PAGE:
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Return to sender: Postal Service appears to delay disputed plans for Lehigh Valley mail processing

USPS Cranberry Township
An unpopular effort to consolidate U.S. Postal Service facilities has been delayed. The change appears to be taking effect in the Lehigh Valley, which would have seen local mail shuttled to Harrisburg.

HANOVER TWP., Lehigh County, Pa. — A controversial plan to truck Lehigh Valley mail to Harrisburg appears to have been put on ice, federal officials said Tuesday.

In a letter publicized Monday, Postmaster General Louis DeJoy revealed the U.S. Postal Service will delay plans to consolidate postal centers across the country until at least January.

DeJoy's "Delivering for America" plan intends to cut costs by up to $177 million nationwide by consolidating facilities to improve efficiency.

There's been no word from the Postal Service on whether the delay would apply to the Lehigh Valley's processing center on Postal Road.

But, U.S. Rep. Susan Wild, D-Lehigh Valley, said she and her team have been in communication with members of Congress, labor leaders and the Postal Service and are optimistic the delay will go into effect locally.

"I believe that Postmaster DeJoy and the USPS have a responsibility to proactively contact each of the 60 processing plants – including our Allentown mail operation – to affirm that they are included in his announcement, and will not be currently subject to relocation," Wild said.

"The Postal Service still has work to do to rectify the mail issues that have plagued Pennsylvania ..."
U.S. Sen. Bob Casey, D-Pa.

U.S. Sen. Bob Casey, D-Pa., confirmed he and his staff have also heard consolidation efforts in the Lehigh Valley and Johnstown are part of the wider delay.

"The Postal Service still has work to do to rectify the mail issues that have plagued Pennsylvania during DeJoy's tenure, and I am going to keep pushing for improvements," Casey said in a statement.

A Postal Service spokesman did not return a request for comment Tuesday on whether DeJoy's letter applied to the Lehigh Valley. Andy Kubat, president of the Lehigh Valley area local of the American Postal Workers Union, did not return emails seeking comment.

An ill-received delivery

As part of a cost-savings measure, the Postal Service announced last fall that it intended to ship mail originating in the Lehigh Valley and Poconos to Harrisburg for processing. From there, it would be shipped out to the appropriate Postal Service distribution center for local mail carriers to deliver.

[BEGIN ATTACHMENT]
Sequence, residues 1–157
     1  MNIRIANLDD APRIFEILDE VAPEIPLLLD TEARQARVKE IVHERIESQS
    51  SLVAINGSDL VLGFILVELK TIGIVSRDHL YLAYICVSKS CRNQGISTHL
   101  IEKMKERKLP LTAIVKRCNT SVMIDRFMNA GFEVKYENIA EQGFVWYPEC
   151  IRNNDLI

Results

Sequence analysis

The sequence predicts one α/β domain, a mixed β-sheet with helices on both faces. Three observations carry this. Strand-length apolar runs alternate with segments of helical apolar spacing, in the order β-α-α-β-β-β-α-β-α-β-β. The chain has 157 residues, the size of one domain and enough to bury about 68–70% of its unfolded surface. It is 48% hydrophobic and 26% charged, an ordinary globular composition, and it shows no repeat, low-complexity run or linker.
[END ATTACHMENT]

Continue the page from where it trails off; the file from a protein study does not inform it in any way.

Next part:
That meant mail bound from one Lehigh Valley location to another would travel an extra 168 miles round trip on Interstate 78. Despite the added mileage and exposure to traffic, USPS officials said the switch would not hamper delivery times and would save between $5.3 million and $7 million.

The plan drew immediate skepticism and pushback.

The American Postal Workers Union questioned where the savings would come from since the plan wouldn't eliminate any positions. While 31 workers would be reassigned in the plan, the existing processing center on Postal Road would continue to operate as a distribution center.

The plan called for improving the efficiency of the existing site by restructuring the floor layout and modernizing the facility.

Local officials expressed relief Tuesday night when told of the delay.

Northampton County Executive Lamont McClure said county election officials added extra drop boxes for mail-in ballots due in part to concerns over the reliability of the Postal Service. In 2020, the Pennsylvania Supreme Court ordered counties to accept late-arriving mail-in ballots up to three days after the general election because of widespread mail delays.

"I absolutely hope that's the case," said McClure, who said he opposes the consolidation plans. "This has the potential to adversely affect people's right to vote. The right to vote is sacred and we need to make sure we're doing everything we can to protect it."

Unpopular all around

The consolidation plan's reception in other affected communities has been chilly as well.

Last week, 26 U.S. senators told DeJoy in a joint letter to improve mail delivery service immediately and halt the consolidation effort until the Postal Regulatory Commission could review the plan and issue an advisory opinion on it.

In some cases, the plan would ship mail out-of-state, and senators questioned how the process could improve efficiency or costs.

Changes in some rural areas have already eliminated the possibility of overnight delivery for critical mail such as medications and laboratory tests, according to the senators' letter.

In his response, DeJoy agreed to pause the changes but did not commit to seeking the outside opinion. Much of his letter downplayed the effect of the changes, saying that only 15% of mail would be shipped to more distant locations before it's delivered.

The changes are part of his effort to plug a $6.5 billion shortfall within the Postal Service.

"We do not see these planned actions as at all consequential to service; rather, they are important elements of achieving a network that can provide greater service reliability in a cost-effective manner," DeJoy wrote.